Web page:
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PCC and Police in Avon and Somerset supporting victims of honour crimes and forced marriage


Honouring the memories of men and women affected by so-called “honour” killings is the subject of a National Day of Remembrance held today, July 14, and is being supported by Police and Crime Commissioner (PCC) Sue Mountstevens and Avon and Somerset Police.

Set up by the charity Karma Nirvana last year following the death of Shafilea Ahmed in 2003, the Remembrance Day also falls during a week that marks the beginning of this year’s awareness campaign on forced marriage led by the Foreign and Commonwealth Office. The campaign targets the summer period when families use the opportunity to take individuals overseas for marriage.

Across Avon and Somerset, Lighthouse Victim and Witness Care teams work closely with victims of honour-based abuse and forced marriage to provide them with support to cope and recover from their experience. Lighthouse was set up jointly by the PCC and Avon and Somerset Police and sees teams of staff from the police and victim support organisations working together to guide, advise and support victims and witnesses from the initial reporting of a crime and throughout the criminal justice process.

Police and Crime Commissioner Sue Mountstevens said: “We must use every opportunity we can to raise awareness of honour-based abuse and forced marriage. These are particularly difficult crimes to tackle as they tend to happen behind closed doors and victims are terrified to come forward and speak out.

“If you are or have been a victim of forced marriage or honour-based abuse I want you to know that there are people who can help you. You will be believed and taken seriously if you decide to come forward. We all have the right to freedom of choice and these crimes and actions are completely unacceptable.”

Chief Inspector Marie Wright, force lead for honour-based crimes, said: “Victims of honour based abuse are often most at risk from those closest to them - their families and relatives. In Avon and Somerset we place the victim at the heart of our response and work to ensure that anyone affected by these crimes is offered enhanced support from our Lighthouse Victim and Witness Care programme.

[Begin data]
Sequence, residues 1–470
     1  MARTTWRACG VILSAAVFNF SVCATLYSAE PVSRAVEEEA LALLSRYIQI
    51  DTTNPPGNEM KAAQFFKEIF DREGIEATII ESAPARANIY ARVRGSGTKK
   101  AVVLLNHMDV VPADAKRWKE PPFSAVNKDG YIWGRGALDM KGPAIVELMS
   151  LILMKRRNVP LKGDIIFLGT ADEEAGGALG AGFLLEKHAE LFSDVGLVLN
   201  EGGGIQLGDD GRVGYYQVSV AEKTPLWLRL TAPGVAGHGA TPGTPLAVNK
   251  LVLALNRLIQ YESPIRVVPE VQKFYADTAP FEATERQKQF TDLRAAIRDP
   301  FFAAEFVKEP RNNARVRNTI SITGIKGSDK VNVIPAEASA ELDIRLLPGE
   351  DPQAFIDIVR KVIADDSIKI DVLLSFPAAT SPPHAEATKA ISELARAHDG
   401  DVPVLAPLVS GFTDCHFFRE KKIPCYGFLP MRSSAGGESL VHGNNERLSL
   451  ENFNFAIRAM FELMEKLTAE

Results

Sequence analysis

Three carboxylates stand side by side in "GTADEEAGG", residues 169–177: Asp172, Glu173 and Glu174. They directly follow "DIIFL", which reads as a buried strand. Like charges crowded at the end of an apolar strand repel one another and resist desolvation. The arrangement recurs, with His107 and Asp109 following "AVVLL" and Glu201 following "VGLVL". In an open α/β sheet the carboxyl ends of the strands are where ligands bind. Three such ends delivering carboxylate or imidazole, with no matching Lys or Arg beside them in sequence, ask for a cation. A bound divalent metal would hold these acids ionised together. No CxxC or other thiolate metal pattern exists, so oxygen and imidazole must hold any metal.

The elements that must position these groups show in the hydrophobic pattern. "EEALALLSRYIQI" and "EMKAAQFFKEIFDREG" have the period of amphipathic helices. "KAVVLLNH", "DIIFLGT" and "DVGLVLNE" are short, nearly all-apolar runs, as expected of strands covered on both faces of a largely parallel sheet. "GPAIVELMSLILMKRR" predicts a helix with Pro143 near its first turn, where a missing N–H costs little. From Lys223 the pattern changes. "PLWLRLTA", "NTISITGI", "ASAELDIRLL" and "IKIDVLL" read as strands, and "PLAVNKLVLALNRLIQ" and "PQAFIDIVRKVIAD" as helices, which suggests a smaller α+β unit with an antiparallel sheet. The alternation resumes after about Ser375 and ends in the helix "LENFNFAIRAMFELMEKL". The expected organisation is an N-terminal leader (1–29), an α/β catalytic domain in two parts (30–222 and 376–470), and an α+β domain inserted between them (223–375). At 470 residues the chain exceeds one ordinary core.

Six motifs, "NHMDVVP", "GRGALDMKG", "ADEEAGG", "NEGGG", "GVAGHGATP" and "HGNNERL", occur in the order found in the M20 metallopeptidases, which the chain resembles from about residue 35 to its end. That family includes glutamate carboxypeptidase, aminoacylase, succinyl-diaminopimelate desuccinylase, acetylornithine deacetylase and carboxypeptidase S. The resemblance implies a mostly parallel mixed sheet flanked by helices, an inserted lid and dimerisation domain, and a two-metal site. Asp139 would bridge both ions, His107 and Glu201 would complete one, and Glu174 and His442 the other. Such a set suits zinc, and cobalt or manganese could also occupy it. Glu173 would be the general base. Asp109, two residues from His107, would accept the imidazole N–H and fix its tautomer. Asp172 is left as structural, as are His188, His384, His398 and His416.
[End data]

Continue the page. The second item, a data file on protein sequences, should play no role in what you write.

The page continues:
“There is no honour in crimes which cause suffering and undermine fundamental human rights and in tackling this issue, we are committed to working with affected communities and our partners across health, education, social care and the voluntary sector.

“I hope that our messageshighlighted by today’s awareness day helps to further give victims and survivors the confidence to come forward and report these crimes to us.”

Here are two examples of recent cases where Lighthouse Victim and Witness Care teams have provided support to victims:

Example 1 - “In one case, a victim was suffering horrendous assaults, emotional abuse and immigration threats from her family. Using an interpreter, we were able to provide reassurance and agree ways for the victim and the Lighthouse Victim Care Officer to communicate safely. It soon became apparent that the victim was in fear for her life, so the case was quickly raised to what we call ‘high risk’, ensuring safeguarding measures were put into place. Building a good rapport with the victim, the Lighthouse Victim Care Officer was able to provide support and offer advice during the police investigation. In this case, the victim was supported in moving to a safe refuge outside of the Avon and Somerset force area. As with all cases, details were kept confidential and the victim would only need to speak with their designated Lighthouse Victim Care Officer.”

Example 2 - “Through the support of a Lighthouse Victim Care Officer, an honour-based abuse victim has felt able to complete a victim personal statement – something that allows victims to say in their own words how the incident has affected them and can be read out in court. Following a referral from the Lighthouse programme, the victim is also now speaking with a local organisation that provides support in relation to housing and other practical arrangements – the victim will continue to receive this support long term, after the criminal justice process has finished.”

You can find out more about Lighthouse and the services they can provide at www.lighthousevictimcare.org

Anyone with information related to an honour-based crime is asked to report it either by calling 999 in an emergency or 101 in a non-emergency. If contacting the police online is the safest way for you to get in touch, you can complete an online reporting form

Alternatively, you can contact the independent charity Crimestoppers anonymously online or via 0800 555111.

To find out more about Karma Nirvana visit www.karmanirvana.org.uk.

Posted on Thursday 14th July 2016
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